The problem I have with the parents of this documentary is that, unlike the bumper railings, they have set a strict guideline on their children and expect them to follow it to the T. However, one cannot be expected to never make a mistake, and not allowing for any error only allows forever-wounds to be created, for craters to be formed where they are not wanted. We cannot know the damage we bring to our children when we refuse to love them or accept them for veering off to the side a little in the path of life. For not bowling a strike every time they set a target.

Growing up, I was given a purity ring on my sixteen birthday. I had no plans of rushing out and losing my virginity to the first man I met, but I felt uncomfortable upon receiving the gift because I have always believed that you can guide a child to believe what you think is right, but after a certain point it is just time to let them run with the values you have hoped to instill in them. Obviously I don’t believe that children at age thirteen should be having sex. They are far too young to comprehend and understand the consequences if something goes wrong. But giving our children the tools of abstinence and not allowing them to understand what could happen if they fail to follow through only sets our nation up for rising rates of teenage pregnancy. Whether a teenager of consenting age decides they want to have sex or not is their choice, not the choice of the parent. Am I grateful that I waited until I met my husband to embark on this journey? Yes. But that doesn’t mean that is the ideal image for every teenager.

What I’m saying is, that if we fail to teach our children better methods of protected sex, we are failing to give them the tools to make the right decisions. We can tell them that we believe they should save themselves for marriage, providing good, solid reasons as to why of course, but we cannot make them follow through. They are bound to make mistakes. Are we going to follow them everywhere they go and remind them not to kiss, or hold hands or whatever we believe that stopping point should be? It’s simply insanity. Like I’m sure  I have said a hundred times, our job is to set boundaries and to hope they understand what will happen if they make the personal choice other than the one I have told them I prefer. We are set to be guiders, not commanders. Our children will not effectively listen if we force them to follow a certain path of behavior, they are more likely to either rebel or to only do it because “they were told so”. We cannot give them the proper background to stand up for what THEY believe and allow them to accept these beliefs as their own if we ensure that they know nothing other than what we tell them. The world will throw a lot of garbage at our children, it is our job to give them the tools to sort through that garbage, to make decisions accordingly, and hope they turn out the beautiful people we believe the to be.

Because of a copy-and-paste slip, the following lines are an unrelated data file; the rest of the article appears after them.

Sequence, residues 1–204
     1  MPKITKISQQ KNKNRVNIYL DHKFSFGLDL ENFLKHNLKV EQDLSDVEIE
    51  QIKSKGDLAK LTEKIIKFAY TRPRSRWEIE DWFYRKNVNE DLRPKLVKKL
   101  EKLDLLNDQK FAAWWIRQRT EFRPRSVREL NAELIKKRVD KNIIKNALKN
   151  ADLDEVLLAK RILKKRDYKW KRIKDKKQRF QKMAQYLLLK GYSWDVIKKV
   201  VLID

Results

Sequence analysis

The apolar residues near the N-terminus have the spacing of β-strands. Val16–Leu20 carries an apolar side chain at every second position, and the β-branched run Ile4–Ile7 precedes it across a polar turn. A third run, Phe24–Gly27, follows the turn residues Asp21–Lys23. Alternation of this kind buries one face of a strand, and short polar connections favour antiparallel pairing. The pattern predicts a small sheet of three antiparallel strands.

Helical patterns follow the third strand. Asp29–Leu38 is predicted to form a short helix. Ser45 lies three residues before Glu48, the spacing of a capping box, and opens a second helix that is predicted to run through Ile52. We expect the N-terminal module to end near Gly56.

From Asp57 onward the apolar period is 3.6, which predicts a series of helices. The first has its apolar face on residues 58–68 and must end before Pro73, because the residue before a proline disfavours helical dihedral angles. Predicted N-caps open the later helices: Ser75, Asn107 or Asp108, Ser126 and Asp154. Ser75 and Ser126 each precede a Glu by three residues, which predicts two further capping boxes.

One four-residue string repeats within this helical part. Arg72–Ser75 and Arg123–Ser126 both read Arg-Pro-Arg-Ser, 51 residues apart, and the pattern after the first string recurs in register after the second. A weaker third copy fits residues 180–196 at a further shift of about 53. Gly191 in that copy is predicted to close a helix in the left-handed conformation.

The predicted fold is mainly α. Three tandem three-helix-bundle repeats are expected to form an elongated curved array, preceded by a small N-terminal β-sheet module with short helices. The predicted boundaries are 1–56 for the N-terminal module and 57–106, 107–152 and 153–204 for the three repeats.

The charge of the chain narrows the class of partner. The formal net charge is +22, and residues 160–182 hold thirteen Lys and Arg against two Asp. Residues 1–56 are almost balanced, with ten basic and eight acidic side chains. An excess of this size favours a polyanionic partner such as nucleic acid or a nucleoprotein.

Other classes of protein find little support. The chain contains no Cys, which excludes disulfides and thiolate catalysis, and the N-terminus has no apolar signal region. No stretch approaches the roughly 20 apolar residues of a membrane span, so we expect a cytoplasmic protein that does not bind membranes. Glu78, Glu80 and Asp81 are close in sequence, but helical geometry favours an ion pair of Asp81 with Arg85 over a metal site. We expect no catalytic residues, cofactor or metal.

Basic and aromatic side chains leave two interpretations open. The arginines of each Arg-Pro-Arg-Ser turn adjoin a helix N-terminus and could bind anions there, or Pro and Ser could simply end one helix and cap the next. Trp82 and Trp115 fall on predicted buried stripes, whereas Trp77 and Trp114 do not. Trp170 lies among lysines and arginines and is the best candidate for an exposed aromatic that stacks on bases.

Another reason why I become sickeningly irritated by the parents in this documentary is because this type of teaching is so blatantly patriarchal it’s disturbing. As far as I am concerned, yes there are differences in the way that males and females GENERALLY are made, but most of those differences deal with the way we prefer things, and are very stereotypical. Maybe a general mass may think one way, but that does not apply to everyone. That’s why I think that gender standards are too rigid, and I think that maybe they should be more fluid so as to allow for the people who don’t exactly line up to the ways the world thinks they should run the ability to be accepted, too.